Filed under: ■ Erasmus, ■ Good Old Student Life, ■ Movies, ■ Nationalities and Stereotypes, ■ Spain, ■ The World, ►12.OFF THE MAP▼

“Where are you?”

According to a study mentioned by Eric Weiner in his TED talk held in Bucharest last year, this is the question that comes up, in various forms, in 80% of all phone conversations.

Here are some more points Eric Weiner makes in his talk that you can watch below.

The quality of a society is more important

than your place in it.

(from The World Database of Happiness)

There are more words to describe unhappy states of mind than happy ones,” as a result of which new words are necessary, like the one he coins in order to describe the Swiss: conjoyment (contentment + enjoyment).

Better to fail for the right reasons than to succeed for the wrong ones.

(heard from an Icelandic)

Should more countries use the GNH (the gross national happiness policy in use in Bhutan) to supplement the GDP (gross domestic product)?

Happiness is 100% relational.

(heard from a Bhutanese)

The genuine smile of the Thai is in their eyes.

Beware of the fact that “You think too much“; it may come against your happiness.

What would you conclude after reading all of the above?

To answer the question in the title, I am now in Poland, in the beautiful city of Krakow. Do I currently live in a society I am pleased with? Is it any different than the society I was raised in? Are there happier places for me to be in? Not entirely – and I am thinking again of the Polandia series of interviews that show Poland through the eyes of foreigners of different ages, races, and religions; not really, with the note that living in a foreign country allows me to choose freely my version of reality within its borders, which I like; and probably.

I believe  that happiness happens. Most often unconsciously. It fills us with that beautiful, inexplicable joy that comes out from within to meet the happiness that lies outside ourselves (in people’s eyes, in smiles and first times), and in that meeting the feeling, the memory and the future of happiness that stay with us are born.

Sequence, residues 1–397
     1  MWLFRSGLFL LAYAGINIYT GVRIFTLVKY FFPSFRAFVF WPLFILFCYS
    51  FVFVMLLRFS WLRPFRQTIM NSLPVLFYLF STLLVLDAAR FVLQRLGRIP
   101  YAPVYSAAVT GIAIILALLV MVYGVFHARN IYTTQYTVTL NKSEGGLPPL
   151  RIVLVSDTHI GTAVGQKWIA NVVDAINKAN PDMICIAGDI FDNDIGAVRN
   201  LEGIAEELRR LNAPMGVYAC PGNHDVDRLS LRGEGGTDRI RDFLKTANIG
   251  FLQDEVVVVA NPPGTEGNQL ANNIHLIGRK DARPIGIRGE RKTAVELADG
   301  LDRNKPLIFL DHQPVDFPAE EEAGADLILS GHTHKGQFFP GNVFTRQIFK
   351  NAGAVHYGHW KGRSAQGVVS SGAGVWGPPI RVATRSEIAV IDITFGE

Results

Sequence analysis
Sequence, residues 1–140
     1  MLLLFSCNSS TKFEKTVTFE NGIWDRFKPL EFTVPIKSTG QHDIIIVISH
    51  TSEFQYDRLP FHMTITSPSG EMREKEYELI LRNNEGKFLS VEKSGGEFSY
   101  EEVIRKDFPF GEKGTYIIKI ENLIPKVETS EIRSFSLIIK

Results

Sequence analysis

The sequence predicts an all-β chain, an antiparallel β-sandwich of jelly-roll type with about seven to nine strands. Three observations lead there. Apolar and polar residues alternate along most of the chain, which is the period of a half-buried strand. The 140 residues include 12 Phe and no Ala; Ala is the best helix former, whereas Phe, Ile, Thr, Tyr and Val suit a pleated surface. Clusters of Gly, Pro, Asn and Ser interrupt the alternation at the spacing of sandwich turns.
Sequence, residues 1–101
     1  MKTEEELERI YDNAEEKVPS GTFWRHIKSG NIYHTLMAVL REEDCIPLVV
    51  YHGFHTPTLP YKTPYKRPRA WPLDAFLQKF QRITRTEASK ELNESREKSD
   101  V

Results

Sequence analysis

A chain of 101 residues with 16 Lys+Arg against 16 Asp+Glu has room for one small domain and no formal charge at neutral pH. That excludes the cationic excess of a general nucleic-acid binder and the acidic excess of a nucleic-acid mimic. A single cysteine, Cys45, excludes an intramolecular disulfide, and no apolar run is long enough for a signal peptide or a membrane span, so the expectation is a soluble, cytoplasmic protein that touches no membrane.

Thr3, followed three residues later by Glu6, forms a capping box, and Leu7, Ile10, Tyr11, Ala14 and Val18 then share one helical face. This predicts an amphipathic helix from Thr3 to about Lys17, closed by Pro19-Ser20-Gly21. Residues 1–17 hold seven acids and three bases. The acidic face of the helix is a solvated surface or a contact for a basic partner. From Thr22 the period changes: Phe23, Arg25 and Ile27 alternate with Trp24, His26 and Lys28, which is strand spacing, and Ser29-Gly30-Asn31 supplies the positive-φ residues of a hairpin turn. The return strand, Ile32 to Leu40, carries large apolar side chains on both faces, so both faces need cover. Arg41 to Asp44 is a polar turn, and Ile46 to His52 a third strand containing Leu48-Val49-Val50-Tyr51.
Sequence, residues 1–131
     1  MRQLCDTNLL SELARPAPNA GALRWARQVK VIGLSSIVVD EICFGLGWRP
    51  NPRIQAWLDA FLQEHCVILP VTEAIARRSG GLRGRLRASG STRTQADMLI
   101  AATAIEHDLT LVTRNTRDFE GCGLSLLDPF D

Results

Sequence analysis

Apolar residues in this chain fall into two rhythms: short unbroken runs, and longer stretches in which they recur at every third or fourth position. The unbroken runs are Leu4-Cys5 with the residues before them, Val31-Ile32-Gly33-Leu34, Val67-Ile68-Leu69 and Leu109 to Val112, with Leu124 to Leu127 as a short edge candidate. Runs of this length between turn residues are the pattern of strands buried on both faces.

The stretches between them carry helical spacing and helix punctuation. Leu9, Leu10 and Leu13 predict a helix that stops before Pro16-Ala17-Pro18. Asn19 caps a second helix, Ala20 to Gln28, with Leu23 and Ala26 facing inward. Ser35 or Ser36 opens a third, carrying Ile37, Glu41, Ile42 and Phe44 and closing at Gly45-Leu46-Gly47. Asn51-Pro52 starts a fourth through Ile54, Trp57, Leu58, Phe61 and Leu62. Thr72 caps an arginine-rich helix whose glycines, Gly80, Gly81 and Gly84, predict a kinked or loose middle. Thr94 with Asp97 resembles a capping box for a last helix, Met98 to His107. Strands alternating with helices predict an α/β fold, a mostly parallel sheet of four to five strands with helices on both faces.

Do I have the words to describe happiness or the lack of it? Of course! Do they come easy? They rarely do. That’s why we cherish finding the voice of happiness. That’s why people sing, invent songs, write prose and poetry, or find themselves in other people’s words – a few among so many ways of being happy.

Eric Weiner’s advice: crush envy, do NOT win the lottery, get connected, lower your expectations, and, best of all, in my opinion,

approach happiness sideways.

More about Eric Weiner:

Eric Weiner is a long-time correspondent for the National Public Radio (NPR) and author of the book “The Geography of Bliss: One Grump’s Search for the Happiest Places in the World”.
For as long as he can remember Eric Weiner wanted to be a foreign correspondent. So he could hardly believe his good fortune when, one day in 1993, NPR dispatched him to India as the network’s first full-time correspondent in that country. Weiner spent two of the best years of his life based in New Delhi, covering everything from an outbreak of bubonic plague to India’s economic reforms, before moving on to other postings in Jerusalem and Tokyo.

Over the past decade, he’s reported from more than 30 countries, most of them profoundly unhappy. He traveled to Iraq several times during the reign of Saddam Hussein and he was in Afghanistan in 2001, when the Taliban regime fell.

He’s also served as a correspondent for NPR in New York, Miami and Washington. D.C. Weiner is a former reporter for The New York Times and was a Knight Journalism Fellow at Stanford University. He was part of a team of NPR reporters that won a 1994 Peabody award for a series of investigative reports about the U.S. tobacco industry.

His commentary has appeared in the Los Angeles Times, Slate and The New Republic, among other publications. After travelling the world, he has settled, quasi-happily, in the Washington area, where he divides his time between his living room and his kitchen.

His book, The Geography of Bliss, is a travelogue of ideas in search of answers to some pressing questions: What are the essential ingredients for the good life? Why are some places happier than others? How are we shaped by our surroundings? Why can’t airlines serve a decent meal?

At TEDxBucharest 2010 Eric Weiner talks about what really makes us happy and where exactly we should think about moving to.

Filed under: ■ Conference Speakers, ■ Geo. of Bliss, ■ Happiness, ■ Nationalities and Stereotypes, ■ Polandia, ■ Races, ■ Talks & Conferences, ■ The World, ■ Travel

ROOM FOR ALL

What


do foreigners think about Poland

and

how do they feel about living in

Poland?

More info on Polandia online.

To watch one of the answers given by foreigners living in Poland click the link below:

http://wp.tv/mc707054

Filed under: ■ EU, ■ Movies, ■ Nationalities and Stereotypes, ■ Poland, ■ Polandia, ■ Races, ■ The World

STRAIGHT FROM INDIA

Introducing the ancient,

Christmas-like Hindu celebration called

DIWALI: 5-8 November 2010

Diwali

The Hindu festival of light, Diwali, marks the homecoming of the god Lord Ram after vanquishing the demon king Ravana and symbolizes taking people from darkness to light and the victory of good over evil.
 

The Hymn of Goddess Lakshmi - Lakshmi Aarti

The Hymn of Goddess Lakshmi - Lakshmi Aarti (click here to download & listen to it)

 

Whether or not this is your first introduction to Diwali, you will probably enjoy watching the video below, and reading more on the topic at the links I selected for you below.

10 Reasons to Celebrate Diwali,

which lists as the 10th reason: